Quantum cascade (QC) lasers achieve population inversion by selecting quantum wells (QW) thicknesses so that the inherent scattering mechanisms ensure a higher population of electrons in the upper laser state compared to the lower laser state. Previously, longitudinal optical (LO) phonons have been considered the fastest, most significant scattering process in QC lasers. Recently, it has been shown that interface roughness (IFR) can have substantial effects in determining the effective lifetimes within QW systems . Simulations have shown that IFR scattering lifetimes can be the dominant scattering process for selected QW configurations .
Here we have designed and fabricated three QC structures, which differ in the positioning of a strategically placed monolayer barrier to selectively affect the IFR scattering lifetimes of the energy levels in the QC structures. Initial current-voltage characteristics suggest a shorter carrier transit time through the QC structure due to increased interface roughness interactions. We also observed an expected narrowing of the EL spectra based on these same interactions. Using these results, we have also designed a QC laser using IFR scattering as the determining process for maintaining population inversion. By using IFR scattering, we were able to design an energy separation between the lower laser level and subsequent injector levels much greater than the LO phonon energy without compromising fast carrier depopulation from the lower laser level. This in effect opens doors for completely new intersubband design techniques. This work is supported in part by MIRTHE (NSF-ERC).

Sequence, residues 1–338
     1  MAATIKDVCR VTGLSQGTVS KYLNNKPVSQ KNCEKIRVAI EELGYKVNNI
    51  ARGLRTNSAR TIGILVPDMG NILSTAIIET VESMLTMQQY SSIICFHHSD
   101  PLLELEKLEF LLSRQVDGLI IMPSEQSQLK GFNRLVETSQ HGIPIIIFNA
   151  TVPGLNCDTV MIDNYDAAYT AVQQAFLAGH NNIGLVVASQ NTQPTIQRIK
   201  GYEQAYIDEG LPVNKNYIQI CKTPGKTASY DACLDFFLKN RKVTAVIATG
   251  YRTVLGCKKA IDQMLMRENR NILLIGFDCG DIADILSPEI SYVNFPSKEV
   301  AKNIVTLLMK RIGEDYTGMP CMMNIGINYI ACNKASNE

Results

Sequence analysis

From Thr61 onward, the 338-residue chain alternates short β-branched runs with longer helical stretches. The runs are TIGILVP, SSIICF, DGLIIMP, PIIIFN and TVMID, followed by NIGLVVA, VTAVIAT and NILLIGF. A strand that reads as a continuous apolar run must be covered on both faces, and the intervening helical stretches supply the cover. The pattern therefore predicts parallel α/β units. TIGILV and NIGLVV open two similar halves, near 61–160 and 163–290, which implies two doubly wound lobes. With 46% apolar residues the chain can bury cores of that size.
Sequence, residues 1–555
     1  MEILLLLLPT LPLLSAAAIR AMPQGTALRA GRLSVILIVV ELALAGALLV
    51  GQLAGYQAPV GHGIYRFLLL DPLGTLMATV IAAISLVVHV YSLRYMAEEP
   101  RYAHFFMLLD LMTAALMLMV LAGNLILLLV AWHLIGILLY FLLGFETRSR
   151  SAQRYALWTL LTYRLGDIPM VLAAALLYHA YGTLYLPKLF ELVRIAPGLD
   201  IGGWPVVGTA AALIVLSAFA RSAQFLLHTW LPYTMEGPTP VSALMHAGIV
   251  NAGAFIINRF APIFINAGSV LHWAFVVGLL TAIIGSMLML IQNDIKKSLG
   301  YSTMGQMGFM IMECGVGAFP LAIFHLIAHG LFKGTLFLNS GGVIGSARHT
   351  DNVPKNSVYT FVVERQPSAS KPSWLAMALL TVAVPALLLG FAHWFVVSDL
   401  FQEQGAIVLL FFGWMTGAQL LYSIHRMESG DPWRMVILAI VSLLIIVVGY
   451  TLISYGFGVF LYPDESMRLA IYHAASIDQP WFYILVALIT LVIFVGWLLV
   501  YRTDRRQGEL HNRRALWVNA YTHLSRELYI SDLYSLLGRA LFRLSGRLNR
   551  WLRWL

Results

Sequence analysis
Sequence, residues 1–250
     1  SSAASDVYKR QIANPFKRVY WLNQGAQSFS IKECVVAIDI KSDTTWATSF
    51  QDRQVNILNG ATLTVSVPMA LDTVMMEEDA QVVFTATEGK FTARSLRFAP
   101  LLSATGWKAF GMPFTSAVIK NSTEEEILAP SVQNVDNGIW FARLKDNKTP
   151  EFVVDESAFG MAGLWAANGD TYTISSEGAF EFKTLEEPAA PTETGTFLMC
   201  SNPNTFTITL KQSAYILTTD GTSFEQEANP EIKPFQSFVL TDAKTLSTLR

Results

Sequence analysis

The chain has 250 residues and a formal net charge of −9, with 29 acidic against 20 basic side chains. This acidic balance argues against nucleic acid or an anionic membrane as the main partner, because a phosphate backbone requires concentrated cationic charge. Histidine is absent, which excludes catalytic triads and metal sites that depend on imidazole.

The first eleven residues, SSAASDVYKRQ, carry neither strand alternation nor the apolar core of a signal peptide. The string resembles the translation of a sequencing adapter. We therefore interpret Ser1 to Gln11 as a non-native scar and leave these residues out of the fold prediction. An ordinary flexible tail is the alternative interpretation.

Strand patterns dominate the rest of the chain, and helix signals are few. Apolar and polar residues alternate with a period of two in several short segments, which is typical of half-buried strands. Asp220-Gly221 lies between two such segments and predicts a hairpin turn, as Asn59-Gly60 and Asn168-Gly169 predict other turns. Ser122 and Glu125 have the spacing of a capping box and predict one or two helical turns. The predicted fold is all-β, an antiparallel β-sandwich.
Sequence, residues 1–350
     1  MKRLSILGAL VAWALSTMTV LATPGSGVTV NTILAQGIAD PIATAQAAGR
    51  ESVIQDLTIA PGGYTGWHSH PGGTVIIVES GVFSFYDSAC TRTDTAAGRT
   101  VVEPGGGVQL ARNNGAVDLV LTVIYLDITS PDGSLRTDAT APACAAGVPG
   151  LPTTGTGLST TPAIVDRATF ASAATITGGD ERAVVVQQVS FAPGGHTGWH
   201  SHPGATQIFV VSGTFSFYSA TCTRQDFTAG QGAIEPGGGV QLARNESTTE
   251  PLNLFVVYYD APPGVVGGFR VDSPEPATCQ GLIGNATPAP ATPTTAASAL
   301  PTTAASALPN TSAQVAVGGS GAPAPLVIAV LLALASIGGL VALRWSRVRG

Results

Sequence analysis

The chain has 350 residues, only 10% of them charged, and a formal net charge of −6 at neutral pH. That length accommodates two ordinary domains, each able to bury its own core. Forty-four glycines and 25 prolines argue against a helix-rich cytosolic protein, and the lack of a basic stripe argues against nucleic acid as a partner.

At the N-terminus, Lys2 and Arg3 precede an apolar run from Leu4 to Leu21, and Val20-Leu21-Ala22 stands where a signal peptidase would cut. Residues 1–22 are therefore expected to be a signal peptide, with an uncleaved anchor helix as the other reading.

Quantum Cascade (QC) lasers are semiconductor devices operating in the mid-infrared and terahertz regions of the electromagnetic spectrum. Since their first demonstration in 1994, they have evolved rapidly into high power devices. However, they also have intrinsic challenges, such as beam steering at high power. Such phenomenon has been observed in QC lasers and attributed to the interaction between the two lowest transverse modes in the laser cavity.
In this project, we have used COMSOL Multiphysics simulations to first investigate how transverse mode propagation can be controlled with cavity spoilers. We have modeled this effect by creating short and lossy lateral constrictions from the top of the laser ridge to perturb the modes distributed more toward the sides of the laser ridge, while leaving the fundamental mode intact. After obtaining optimized dimensions for the constrictions, we have utilized focused ion beam (FIB) milling to etch two small trenches from the top of several laser ridges to create the simulated effect on our devices. We, then, filled them with platinum in an effort to completely suppress the propagation of higher order transverse modes in the cavity. The results obtained show minimal effect on threshold and a Gaussian far-field distribution at various current levels, indicating a complete suppression of the higher order transverse modes.